This May marks the two-year anniversary of a case that is etched into our memories as one of the most outrageous we’ve ever had. Tufts University’s punishment of the conservative student newspaper The Primary Source for parody and satire was, and remains, indefensible.
The Primary Source hadn’t made any friends at Tufts by the time they released their article "Islam: Arabic Translation: Submission." A few months earlier, in December of 2006, the paper published their annual Christmas carol parody entitled "O Come All Ye Black Folk," which mocked the school’s affirmative action policy. Realizing that the carol had offended large portions of the Tufts community, TPS published an apology on December 6, 2006.
In April of 2007, in response to Islamic Awareness Week, the newspaper published "Islam: Arabic Translation: Submission." The article contained verifiable facts about "intolerant and inhuman" aspects of some elements of Islamic religion and society. In response, complaints were filed against the newspaper by fellow students. Unfortunately, Tufts wasn’t concerned with the veracity of the information; instead, the prosecution focused on the feelings that were hurt by the facts’ publication. As we often see here at FIRE, despite the fact that the expression at issue would be protected by the First Amendment and fails to meet the legal standard for harassment, those hurt feelings nevertheless resulted in a harassment finding against the newspaper. As Michael Hiestand, counsel for the Student Press Law Center, said at the time, "[W]e’re really talking about offending someone or hurting their feelings. And when you start punishing for that, it’s a real broad brush [with which] you’re painting."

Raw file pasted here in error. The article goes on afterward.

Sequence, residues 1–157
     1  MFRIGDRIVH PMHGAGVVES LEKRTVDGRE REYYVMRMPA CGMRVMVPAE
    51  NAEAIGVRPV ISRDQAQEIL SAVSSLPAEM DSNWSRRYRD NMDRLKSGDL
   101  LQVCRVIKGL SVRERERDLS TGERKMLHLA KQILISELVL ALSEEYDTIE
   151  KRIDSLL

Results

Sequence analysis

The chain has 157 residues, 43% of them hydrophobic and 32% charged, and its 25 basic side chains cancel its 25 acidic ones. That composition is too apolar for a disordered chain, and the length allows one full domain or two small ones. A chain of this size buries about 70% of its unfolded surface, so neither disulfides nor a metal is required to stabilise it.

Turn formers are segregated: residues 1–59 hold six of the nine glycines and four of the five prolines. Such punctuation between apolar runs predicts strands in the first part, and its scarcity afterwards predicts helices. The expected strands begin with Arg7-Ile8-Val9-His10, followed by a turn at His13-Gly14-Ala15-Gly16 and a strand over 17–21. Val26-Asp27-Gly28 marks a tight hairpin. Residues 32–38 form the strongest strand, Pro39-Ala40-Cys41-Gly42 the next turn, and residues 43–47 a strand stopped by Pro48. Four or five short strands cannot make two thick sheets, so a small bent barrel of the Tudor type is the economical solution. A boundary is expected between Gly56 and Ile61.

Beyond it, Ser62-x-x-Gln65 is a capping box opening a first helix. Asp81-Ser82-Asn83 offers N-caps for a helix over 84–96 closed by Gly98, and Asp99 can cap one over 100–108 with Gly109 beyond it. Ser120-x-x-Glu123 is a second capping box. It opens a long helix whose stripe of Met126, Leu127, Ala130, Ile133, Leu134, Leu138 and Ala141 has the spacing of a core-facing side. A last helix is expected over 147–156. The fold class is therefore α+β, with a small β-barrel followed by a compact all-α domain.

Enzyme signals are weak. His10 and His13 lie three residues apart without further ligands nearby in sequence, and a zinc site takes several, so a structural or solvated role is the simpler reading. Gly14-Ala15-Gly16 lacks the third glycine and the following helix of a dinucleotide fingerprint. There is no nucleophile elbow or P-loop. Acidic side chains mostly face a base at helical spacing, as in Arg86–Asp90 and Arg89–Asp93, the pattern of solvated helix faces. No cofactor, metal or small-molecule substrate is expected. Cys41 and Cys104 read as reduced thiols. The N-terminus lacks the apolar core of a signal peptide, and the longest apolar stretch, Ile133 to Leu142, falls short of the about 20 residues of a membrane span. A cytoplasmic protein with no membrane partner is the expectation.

As FIRE President Greg Lukianoff said of the article:
So does this paint Islam in a nice light? No. Is it one-sided? Yes, but that was kind of the point. The students were responding to what they thought was a one-sided and overly rosy depiction of Islam during Islamic Awareness week. But is it unprotected harassment!? One certainly hopes not, or else "harassment" just became a truly lethal threat to free speech-an "exception" that completely swallows the rule. …
Here, the fact that TPS printed verifiable information—with citations—was apparently no defense, nor was the fact that the ad concerned contentious issues of dire global importance. Such an anemic conception of free speech should chill anyone who cares about basic rights and democracy itself.
FIRE has fought quite a battle against Tufts in this case, including letters to the President, Board of Trustees, and even the misinformed Mayor Bloomberg in an attempt to get Tufts to rectify its mistakes.
All is not yet well at Tufts, and the finding still stands. This, of course, is why Tufts is on our Red Alert list. As we’ve reminded President Lawrence Bacow, all it would take for Tufts to get off our list (and put an end to our public shaming of the school) would be for Tufts to reverse the absurd finding against TPS. Though President Bacow has since made lofty proclamations of his commitment to free expression, actions still speak louder than words.